That alone is worth paying £50k to leave IMHO.

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JoeDavola
2 minutes ago, Frank Hovis said:

Beautifully expressed.

...a better form of expression would be me actually buying a fucking house eh ;)

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spunko
3 hours ago, Mandalorian said:

Let's hope so.  I want a better house in a 'non-enriched' area.

This place is going to the dogs.

Kind of house I like where I like it is about £300k.  I'd pay £250k.

But isnt that the problem. If house prices fall to the level most want on here, all of these nice unaffordable areas are going to be overrun with New Britons.

I'm torn , I really don't know if I want a mega crash.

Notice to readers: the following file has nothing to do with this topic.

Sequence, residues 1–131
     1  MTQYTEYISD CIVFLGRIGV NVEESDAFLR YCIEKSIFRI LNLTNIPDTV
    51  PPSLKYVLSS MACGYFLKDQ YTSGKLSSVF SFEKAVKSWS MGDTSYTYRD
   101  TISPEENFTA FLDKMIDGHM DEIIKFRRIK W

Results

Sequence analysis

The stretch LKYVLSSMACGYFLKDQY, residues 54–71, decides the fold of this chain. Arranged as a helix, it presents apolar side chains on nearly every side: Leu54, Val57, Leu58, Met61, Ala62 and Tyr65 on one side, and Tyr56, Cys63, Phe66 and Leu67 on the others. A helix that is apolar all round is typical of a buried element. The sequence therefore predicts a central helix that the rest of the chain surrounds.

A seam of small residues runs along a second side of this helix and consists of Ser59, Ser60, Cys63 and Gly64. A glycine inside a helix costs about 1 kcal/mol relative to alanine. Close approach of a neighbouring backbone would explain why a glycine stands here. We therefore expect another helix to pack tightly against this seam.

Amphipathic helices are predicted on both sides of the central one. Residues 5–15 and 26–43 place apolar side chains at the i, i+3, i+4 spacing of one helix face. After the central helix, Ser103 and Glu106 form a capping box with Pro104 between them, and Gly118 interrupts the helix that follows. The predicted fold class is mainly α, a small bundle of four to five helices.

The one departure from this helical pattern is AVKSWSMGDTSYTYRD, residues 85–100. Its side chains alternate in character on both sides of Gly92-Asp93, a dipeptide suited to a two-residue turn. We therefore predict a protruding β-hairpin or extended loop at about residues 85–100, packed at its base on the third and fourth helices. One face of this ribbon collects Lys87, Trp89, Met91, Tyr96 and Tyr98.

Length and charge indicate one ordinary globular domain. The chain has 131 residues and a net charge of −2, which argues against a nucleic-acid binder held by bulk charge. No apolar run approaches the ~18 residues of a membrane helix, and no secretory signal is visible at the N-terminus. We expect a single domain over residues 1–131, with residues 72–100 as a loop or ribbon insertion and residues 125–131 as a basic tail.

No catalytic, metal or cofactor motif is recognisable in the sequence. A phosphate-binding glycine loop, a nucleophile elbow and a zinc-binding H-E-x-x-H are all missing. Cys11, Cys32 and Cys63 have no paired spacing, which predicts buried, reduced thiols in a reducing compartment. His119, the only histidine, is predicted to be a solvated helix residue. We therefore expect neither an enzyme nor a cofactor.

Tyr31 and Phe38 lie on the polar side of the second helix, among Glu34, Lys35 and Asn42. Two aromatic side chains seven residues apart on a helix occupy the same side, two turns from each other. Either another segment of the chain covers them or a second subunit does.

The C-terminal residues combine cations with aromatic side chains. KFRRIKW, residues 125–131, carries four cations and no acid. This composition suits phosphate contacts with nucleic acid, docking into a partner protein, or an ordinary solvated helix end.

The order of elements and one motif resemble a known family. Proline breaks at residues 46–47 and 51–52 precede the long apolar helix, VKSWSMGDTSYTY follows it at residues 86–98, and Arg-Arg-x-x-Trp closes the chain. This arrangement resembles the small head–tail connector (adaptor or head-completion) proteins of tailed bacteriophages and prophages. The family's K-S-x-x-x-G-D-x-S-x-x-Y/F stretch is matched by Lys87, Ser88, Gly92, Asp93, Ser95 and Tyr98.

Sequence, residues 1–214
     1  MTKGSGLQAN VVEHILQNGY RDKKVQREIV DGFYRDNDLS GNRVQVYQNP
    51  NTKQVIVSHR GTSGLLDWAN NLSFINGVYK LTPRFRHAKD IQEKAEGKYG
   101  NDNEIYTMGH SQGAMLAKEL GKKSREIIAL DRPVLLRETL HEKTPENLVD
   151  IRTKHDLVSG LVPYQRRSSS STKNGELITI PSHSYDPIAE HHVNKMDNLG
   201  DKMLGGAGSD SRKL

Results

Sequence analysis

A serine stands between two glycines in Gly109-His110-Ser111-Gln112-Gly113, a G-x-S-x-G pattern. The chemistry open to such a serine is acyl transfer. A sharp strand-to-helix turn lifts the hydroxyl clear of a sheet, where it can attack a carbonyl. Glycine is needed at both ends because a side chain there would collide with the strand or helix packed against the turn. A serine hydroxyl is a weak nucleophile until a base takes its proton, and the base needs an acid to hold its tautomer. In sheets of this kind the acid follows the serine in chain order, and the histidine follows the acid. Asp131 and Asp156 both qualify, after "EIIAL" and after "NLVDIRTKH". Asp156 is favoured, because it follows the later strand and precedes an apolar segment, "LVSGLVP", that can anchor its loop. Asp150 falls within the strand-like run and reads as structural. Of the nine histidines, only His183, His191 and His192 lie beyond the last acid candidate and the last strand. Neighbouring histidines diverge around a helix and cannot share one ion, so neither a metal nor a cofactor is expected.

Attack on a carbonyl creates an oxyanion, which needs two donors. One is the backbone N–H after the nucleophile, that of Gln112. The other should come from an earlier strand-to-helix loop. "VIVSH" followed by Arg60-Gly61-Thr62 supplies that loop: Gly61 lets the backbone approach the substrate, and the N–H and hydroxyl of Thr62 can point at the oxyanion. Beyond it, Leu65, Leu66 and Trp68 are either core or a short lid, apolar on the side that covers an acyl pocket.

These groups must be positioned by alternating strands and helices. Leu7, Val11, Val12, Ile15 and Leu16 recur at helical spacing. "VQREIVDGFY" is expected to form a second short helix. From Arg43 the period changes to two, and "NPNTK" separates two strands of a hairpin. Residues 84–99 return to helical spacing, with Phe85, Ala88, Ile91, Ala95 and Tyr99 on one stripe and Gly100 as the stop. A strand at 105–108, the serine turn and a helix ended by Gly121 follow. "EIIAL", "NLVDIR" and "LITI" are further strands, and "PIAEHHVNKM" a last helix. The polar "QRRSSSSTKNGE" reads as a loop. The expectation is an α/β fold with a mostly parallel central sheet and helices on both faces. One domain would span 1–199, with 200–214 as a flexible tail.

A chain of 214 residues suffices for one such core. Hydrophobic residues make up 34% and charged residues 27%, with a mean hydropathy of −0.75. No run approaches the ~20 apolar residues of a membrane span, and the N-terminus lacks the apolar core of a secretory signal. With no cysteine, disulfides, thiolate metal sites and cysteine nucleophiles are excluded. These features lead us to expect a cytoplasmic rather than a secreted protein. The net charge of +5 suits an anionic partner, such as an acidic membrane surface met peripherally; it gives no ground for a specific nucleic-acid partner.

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Mandalorian
4 minutes ago, Frank Hovis said:

 

Beautifully expressed.

 

That alone is worth paying £50k to leave IMHO.

£300k...

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Frank Hovis
1 minute ago, Mandalorian said:

£300k...

 

You anyway think that it's worth £250k.

The £50k is simply the "I don't want to live amongst ethnics" premium.

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Mandalorian
1 minute ago, spunko said:

But isnt that the problem. If house prices fall to the level most want on here, all of these nice unaffordable areas are going to be overrun with New Britons.

I'm torn , I really don't know if I want a mega crash.

Not sure they will be.

They can't afford the cheapo places (not that cheap houses exist). 

A 2 up, 2 down terrace near me is £150k.  A New Briton can't afford that so they pile into HMOs. 

If 2up2downs drop to say £90k then maybe they can. 

My £300k would drop to £220k.  I could buy it.  They still couldn't.

Just now, Frank Hovis said:

 

You anyway think that it's worth £250k.

The £50k is simply the "I don't want to live amongst ethnics" premium.

No no.  The £250-300k is the premium.

The other option is to pay nothing and stay put but as the only native British man in the street.